BOSTON, MAY 15, 1870.
H.J. Brown -
Dear Sir
-- I am very reluctantly obliged to forego the pleasure of participating in the celebration of the adoption of the Fifteenth Amendment, by the colored citizens of Maryland, excepting this expression of my feelings as a substitute for my presence. How supreme that pleasure would have been, and, consequently, how great is my disappointment, I have no language to express seeing that it was in Baltimore I began my advocacy for the immediate liberation of all who were then groaning in bondage; and now that all yokes are broken, and citizenship is accorded to the entire colored population of the country it would seen to be peculiarly fitting that I should join in this particular commemoration in the very city in which I dedicated my life to the cause of universal emancipation.

In the month of May 1830, forty years ago, I was lying in the jail in Baltimore for bearing an uncompromising testimony against certain Northern participants in the domestic slave trade. I need not say that my imprisonment, so far from operating as a discouragement, gave powerful impetus to my anti-slavery zeal, and led me still more feelingly to remember those in bonds as being bound with them:-

Eternal spirit of the chainless mind,
Brightest in dungeons Liberty! thou art,
For there thy habitation is the heart,--
The heart which love of thee alone can bind;
And when thy sons to fetters are consigned,--
To fetters and the damp vault's dayless gloom,--
Their country conquers with their martyrdom,
And Freedom's fame finds wings on every wind."

From that time to the completion of the anti-slavery struggle through trials and perils which only those who were called to meet them can ever fully realize, I do not remember an hour when my faith in its final triumph wavered. From the depth of my soul I declared, at the start.

Opposition and abuse, and slander and prejudice, and judicial tyrrany are like oil to the flame of my enthusiasm. I am not dismayed, I am not disheartened but bolder and more confident than ever. Let the courts condemn me to fine and imprisonment for denouncing oppression, am I to be frightened by dungeons and chains? Can they humble my spirit? Do I not remember that I am an American freeman? and as such and what is more, a being accountable to God. I will not hold my peace while a single slave remains to be set free." This was not said in a boastful spirit, for it was by the help fo God that I was enabled to stand in the evil day, and by that same Divine strength and trust were the great body of Abolitionists sustained in every emergency. "If it had not been the Lord who was on our side when men rose up against us when they had swallowed us up quick when their wrath was kindled against us then the waters had overwhelmed us, the stream had gove over our soul.'

O ye ransomed millions! rejoice and give glory to God that not a slave remains in the house of bondage: that there is to be no more buying and selling of human flesh on the auction block, no more hunting of fugitive slaves, no more rending asunder husbands and wives and parents and children, no more forcing to unpaid toil under the lash of a driver, no more abrogating the marriage institution, no more punishment for attempting to learn the alphabet.' Freedom is yours to enjoy and maintain yours by natural right and the grace of God as well as by the decree of the nation constitutionally secured, yours with all its responsibilities and duties, its manifold blessings and sublime possibilities, yours without bloodshed, or violence or any disorder whatever or any desire for retaliation, yours to advance in wisdom and knowledge in skill and enterprise, in wealth and prosperity.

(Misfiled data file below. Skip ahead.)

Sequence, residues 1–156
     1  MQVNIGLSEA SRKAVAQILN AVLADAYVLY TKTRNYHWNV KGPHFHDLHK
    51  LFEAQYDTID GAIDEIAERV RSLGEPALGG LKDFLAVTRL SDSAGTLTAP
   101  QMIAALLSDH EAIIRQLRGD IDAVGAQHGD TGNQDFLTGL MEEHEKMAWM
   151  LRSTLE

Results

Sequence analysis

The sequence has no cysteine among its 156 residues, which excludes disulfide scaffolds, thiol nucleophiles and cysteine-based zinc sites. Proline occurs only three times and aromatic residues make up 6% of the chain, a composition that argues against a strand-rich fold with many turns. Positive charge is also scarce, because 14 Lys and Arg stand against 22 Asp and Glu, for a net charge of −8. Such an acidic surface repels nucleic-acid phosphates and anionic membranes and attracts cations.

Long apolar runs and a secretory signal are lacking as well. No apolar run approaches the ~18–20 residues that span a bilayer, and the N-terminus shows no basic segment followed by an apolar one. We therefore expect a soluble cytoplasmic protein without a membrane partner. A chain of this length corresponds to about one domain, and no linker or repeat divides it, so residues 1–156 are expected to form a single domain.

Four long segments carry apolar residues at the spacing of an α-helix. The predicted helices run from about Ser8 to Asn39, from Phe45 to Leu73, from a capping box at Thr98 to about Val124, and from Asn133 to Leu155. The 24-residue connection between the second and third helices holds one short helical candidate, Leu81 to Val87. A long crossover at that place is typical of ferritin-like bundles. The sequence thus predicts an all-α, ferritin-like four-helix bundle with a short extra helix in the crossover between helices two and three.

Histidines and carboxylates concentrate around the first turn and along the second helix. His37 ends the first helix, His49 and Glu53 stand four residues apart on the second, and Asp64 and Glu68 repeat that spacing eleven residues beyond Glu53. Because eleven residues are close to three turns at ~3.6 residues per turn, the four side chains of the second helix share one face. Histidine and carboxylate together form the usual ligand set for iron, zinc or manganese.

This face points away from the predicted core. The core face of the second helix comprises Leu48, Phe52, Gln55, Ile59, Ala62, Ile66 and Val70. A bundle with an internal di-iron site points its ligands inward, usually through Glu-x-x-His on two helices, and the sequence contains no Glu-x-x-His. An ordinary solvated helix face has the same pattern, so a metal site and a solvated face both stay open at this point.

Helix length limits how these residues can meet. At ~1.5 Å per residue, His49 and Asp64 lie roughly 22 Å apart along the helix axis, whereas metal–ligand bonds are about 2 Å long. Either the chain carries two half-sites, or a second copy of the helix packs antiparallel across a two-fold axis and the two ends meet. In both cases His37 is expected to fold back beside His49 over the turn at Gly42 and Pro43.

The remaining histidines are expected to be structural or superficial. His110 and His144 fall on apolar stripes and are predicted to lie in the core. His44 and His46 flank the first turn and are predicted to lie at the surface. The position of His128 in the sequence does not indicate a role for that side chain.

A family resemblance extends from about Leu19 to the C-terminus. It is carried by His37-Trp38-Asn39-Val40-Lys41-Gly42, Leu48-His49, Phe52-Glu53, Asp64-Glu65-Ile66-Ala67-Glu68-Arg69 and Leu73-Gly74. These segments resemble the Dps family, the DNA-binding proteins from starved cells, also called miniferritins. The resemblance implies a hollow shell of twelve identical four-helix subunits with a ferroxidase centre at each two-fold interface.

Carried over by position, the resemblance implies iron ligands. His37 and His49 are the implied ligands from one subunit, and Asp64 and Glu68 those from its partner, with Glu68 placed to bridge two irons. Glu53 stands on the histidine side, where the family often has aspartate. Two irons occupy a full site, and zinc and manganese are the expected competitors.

Citizenship is yours, with political enfranchisement whereby you are to help decide what shall be the laws for the common defence and the general welfare, and ultimately to obtain a fair share of the honors and emoluments of public life. In this hour of jubilation I will not pause to give you any counsel as to your future course. I have no misgiving on that score. You have been the best behaved people in the past under the most terrible provocations, and why should any doubt as to your behavior hereafter, under all the favorable conditions of freedom and equality.' I believe you are destined to rise high in the scale of civilization and to take a prominent part in our national affairs. Indeed in view of your liberated and enfranchised condition it may be truly affirmed that since the Declaration of Independence was published to the world, never has our country been so powerful as now, never so reputable and influential as now in the eyes of the world. Hence, we have all reason to be glad as to the present, and hopeful as to the future, for the interests of the North are as the interests of the South, and the institutions of one section of the country essentially like those of every other.

I rejoice that the South will now have unlimited means for growth in population, in education, in enterprise, in invention, in literature, in the arts and sciences, in material prosperity. Henceforth may every blessing be vouchsafed to her through the removal of slavery so that as her depression has been deplorable her exaltation shall be glorious! Such has ever been the desire of my heart and the aim of all my labors. Yours, rejoicingly,